ifdownup are included as well, as are tools for enabling network services such as NFS, Samba, and FTP.
I tested the partition management tools, especially Partimage and ddrescue. Although I encountered some problems because I did not use some of the parameters, I successfully created an image of a partition, stored it on a network drive, and recovered some data from a corrupted disk. I also tested the CD- and DVD-burning tools in the command line and, following the detailed explanation of the burning parameters, was able to burn data to a DVD. I found the Joe editor handy for editing configuration files; other editors, such as sed and Zile, are also provided. To see all Finnix's packages, visit the official site.
A system administrator tool
Finnix 92.0 is a useful distribution for system administrators. With many tools covering jobs such as data recovery, hardware diagnostics and benchmarking, network services, and monitoring, this distribution can greatly help an administrator. However, Finnix is not for the average user accustomed to booting up a system and doing things graphically. While Finnix's CLI-based tools are not that complex, one must have the necessary knowledge to fully understand how to use them.
I was satisfied with the packages included in this distribution, especially the filesystem management and recovery utilities, as well as the CLI backup tools. For serious network troubleshooting, I would recommend instead distributions such as Network Security Toolkit or BackTrack, which are specifically intended for such purposes.
Article posted on Aug 11
Finnix is a small, self-contained, bootable Linux CD distribution for system administrators, based on Debian testing. Today marks the release of version 93.0 for the x86/AMD64, PowerPC, and UML/Xen platforms.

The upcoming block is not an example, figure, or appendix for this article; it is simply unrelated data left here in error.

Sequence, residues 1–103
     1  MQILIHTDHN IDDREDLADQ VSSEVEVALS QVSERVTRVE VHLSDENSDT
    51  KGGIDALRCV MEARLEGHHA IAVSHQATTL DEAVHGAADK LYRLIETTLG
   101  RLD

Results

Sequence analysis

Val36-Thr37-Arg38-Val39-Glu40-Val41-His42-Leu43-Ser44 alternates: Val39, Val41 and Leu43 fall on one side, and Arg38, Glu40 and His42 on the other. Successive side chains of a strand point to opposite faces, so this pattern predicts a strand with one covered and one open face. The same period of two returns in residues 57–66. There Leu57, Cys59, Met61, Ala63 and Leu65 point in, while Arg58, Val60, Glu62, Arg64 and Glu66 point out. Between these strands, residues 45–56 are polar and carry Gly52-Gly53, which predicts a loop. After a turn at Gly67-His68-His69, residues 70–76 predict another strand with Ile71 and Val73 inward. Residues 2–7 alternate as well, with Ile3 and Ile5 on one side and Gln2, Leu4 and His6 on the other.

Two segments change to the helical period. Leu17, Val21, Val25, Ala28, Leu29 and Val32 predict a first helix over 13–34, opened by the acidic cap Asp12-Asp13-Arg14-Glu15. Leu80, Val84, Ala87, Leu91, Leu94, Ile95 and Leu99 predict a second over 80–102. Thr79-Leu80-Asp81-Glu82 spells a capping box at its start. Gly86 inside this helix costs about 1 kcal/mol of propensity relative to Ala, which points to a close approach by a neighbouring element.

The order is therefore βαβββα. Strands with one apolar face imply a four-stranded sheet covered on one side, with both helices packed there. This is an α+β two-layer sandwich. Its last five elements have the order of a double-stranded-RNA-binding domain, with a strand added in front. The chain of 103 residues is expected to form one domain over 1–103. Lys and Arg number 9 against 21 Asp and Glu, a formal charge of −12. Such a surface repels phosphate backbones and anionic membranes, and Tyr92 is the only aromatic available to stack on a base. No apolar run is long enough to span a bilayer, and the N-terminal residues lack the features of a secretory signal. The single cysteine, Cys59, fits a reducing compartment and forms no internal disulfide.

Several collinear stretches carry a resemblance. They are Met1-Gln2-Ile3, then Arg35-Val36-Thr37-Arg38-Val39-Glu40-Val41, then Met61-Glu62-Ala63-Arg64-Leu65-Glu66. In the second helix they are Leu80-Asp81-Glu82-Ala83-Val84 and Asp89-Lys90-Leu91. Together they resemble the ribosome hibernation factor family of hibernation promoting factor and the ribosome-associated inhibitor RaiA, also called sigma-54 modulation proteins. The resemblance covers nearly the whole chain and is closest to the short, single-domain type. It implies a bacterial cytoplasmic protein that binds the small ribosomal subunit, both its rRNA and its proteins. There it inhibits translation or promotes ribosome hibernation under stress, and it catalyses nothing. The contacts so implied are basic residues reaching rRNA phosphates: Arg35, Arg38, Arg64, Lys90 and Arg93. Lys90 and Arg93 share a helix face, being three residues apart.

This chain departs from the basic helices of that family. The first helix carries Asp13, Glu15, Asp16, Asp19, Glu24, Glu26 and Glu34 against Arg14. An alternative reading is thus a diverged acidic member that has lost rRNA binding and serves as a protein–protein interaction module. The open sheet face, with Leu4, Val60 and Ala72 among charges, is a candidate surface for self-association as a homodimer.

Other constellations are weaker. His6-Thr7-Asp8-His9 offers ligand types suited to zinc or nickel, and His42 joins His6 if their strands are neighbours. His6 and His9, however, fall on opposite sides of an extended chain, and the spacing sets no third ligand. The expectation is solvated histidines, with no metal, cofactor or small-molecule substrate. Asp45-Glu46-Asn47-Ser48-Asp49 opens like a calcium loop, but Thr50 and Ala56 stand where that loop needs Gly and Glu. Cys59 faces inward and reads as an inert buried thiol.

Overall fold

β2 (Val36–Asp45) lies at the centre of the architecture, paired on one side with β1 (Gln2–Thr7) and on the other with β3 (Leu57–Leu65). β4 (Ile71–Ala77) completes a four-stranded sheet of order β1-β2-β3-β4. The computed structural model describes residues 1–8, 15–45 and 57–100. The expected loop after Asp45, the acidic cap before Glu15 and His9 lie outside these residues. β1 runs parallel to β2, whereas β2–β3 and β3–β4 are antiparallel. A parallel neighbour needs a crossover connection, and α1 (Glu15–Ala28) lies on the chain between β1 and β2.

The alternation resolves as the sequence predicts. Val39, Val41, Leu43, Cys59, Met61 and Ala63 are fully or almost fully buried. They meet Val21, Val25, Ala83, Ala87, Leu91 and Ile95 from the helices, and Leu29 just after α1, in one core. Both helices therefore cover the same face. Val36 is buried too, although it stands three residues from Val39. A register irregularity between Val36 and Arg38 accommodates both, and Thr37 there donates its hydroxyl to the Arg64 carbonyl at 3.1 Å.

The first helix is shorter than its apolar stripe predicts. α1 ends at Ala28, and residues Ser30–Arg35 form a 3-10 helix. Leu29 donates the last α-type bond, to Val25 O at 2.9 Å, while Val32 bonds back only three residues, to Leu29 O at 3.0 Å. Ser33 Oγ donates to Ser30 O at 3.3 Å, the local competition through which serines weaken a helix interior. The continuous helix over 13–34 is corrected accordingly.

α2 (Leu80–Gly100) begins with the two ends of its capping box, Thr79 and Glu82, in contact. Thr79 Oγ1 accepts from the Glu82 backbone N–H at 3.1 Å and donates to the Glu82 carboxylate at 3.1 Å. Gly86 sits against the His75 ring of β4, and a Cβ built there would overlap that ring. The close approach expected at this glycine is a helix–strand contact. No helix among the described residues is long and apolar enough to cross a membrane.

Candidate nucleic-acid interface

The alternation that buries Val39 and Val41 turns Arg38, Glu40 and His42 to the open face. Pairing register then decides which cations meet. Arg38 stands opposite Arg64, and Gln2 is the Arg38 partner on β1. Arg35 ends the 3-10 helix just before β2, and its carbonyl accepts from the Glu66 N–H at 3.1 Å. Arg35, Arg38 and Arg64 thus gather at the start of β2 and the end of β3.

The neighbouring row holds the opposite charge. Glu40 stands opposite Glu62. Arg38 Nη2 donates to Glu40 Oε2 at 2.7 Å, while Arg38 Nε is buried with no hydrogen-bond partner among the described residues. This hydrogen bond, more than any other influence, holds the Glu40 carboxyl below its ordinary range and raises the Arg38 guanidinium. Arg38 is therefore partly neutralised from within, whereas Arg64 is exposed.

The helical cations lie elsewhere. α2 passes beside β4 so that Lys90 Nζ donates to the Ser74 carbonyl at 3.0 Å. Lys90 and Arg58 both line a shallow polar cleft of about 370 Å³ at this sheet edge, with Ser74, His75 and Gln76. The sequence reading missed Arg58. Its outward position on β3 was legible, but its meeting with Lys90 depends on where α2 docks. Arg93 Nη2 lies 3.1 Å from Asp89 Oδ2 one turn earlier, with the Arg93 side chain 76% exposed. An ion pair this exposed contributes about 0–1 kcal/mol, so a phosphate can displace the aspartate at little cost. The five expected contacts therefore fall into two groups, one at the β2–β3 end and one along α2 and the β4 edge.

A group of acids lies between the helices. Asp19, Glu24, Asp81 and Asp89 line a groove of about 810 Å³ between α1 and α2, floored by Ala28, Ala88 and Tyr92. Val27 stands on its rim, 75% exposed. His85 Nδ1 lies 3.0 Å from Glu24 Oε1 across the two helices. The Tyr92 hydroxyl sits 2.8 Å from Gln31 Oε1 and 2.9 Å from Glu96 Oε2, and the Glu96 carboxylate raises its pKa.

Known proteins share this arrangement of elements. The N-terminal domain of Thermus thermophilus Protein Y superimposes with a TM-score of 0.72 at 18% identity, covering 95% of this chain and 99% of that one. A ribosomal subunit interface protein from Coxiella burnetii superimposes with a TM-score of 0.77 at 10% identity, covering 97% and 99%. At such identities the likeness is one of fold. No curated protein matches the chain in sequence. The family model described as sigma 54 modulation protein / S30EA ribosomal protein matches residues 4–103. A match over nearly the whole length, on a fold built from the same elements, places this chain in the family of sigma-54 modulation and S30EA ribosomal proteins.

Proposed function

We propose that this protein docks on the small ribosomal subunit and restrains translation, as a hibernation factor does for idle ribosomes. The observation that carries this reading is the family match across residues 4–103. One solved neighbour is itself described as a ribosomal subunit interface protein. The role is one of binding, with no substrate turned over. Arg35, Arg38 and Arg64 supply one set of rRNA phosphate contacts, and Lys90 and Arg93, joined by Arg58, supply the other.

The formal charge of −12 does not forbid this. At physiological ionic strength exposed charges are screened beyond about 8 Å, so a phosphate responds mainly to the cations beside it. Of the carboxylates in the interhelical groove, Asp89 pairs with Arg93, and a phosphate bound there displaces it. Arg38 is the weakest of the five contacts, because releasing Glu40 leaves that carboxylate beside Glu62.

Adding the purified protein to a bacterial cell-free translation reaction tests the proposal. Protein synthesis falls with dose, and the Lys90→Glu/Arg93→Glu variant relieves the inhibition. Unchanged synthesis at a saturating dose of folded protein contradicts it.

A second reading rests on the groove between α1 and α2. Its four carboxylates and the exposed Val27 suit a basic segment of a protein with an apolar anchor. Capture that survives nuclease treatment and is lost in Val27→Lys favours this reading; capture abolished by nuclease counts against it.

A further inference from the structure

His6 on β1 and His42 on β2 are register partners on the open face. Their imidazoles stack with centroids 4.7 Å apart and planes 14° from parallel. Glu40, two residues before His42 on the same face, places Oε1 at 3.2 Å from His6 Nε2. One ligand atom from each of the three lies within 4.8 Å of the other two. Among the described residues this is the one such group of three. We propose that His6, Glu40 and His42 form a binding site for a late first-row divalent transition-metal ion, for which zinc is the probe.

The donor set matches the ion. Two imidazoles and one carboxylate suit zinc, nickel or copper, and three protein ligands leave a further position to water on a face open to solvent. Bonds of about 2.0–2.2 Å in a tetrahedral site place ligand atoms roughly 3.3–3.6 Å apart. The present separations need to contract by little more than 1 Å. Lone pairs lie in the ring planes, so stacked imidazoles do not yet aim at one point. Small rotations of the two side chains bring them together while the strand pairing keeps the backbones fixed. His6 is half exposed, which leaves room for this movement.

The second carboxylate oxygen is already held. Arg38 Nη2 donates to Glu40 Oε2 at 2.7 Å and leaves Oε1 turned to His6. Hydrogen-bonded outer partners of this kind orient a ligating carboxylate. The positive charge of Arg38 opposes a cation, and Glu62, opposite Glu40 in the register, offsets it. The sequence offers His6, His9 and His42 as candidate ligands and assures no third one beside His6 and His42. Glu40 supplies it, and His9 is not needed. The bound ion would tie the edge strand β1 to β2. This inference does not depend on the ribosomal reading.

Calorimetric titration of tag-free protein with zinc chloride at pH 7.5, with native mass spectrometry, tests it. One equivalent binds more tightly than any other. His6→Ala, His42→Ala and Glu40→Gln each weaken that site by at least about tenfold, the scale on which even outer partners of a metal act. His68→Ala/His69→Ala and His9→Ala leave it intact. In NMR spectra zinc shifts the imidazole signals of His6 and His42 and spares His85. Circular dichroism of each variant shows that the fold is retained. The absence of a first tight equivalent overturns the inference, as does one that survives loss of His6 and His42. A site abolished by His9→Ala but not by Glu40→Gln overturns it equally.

Finnix 93.0 itself is a maintenance release, but due to the length of time between Finnix 92.1 and 93.0, the time between Debian upstream updates warranted a major version number bump. New features include Linux kernel 2.6.30, and updated upstream software.
Article posted on Aug 7
Reposting an email I sent recently:
Yes, I started a few weeks ago after a (too long) hiatus. 2.6.30 kernel, which is looking nice. (SquashFS is now included in mainline. That means UnionFS is now the only kernel patch that is absolutely required.) The latest Debian testing stuff itself is pretty stable, but managed to break pretty much all of Finnix's init scripts in one way or another, but it's coming along. Unfortunately Debian's base packages are a little larger, and the kernels have ballooned between 2.6.26 and 2.6.30, so this will probably be the largest Finnix to date, about 125MiB for x86 at current estimates. It's still well under Finnix's long term goals (never to exceed 185MiB, the size of a mini-CD), but unfortunately there really isn't anything to trim.
Still, I'm happy with what the next release is shaping up to be. Looks good!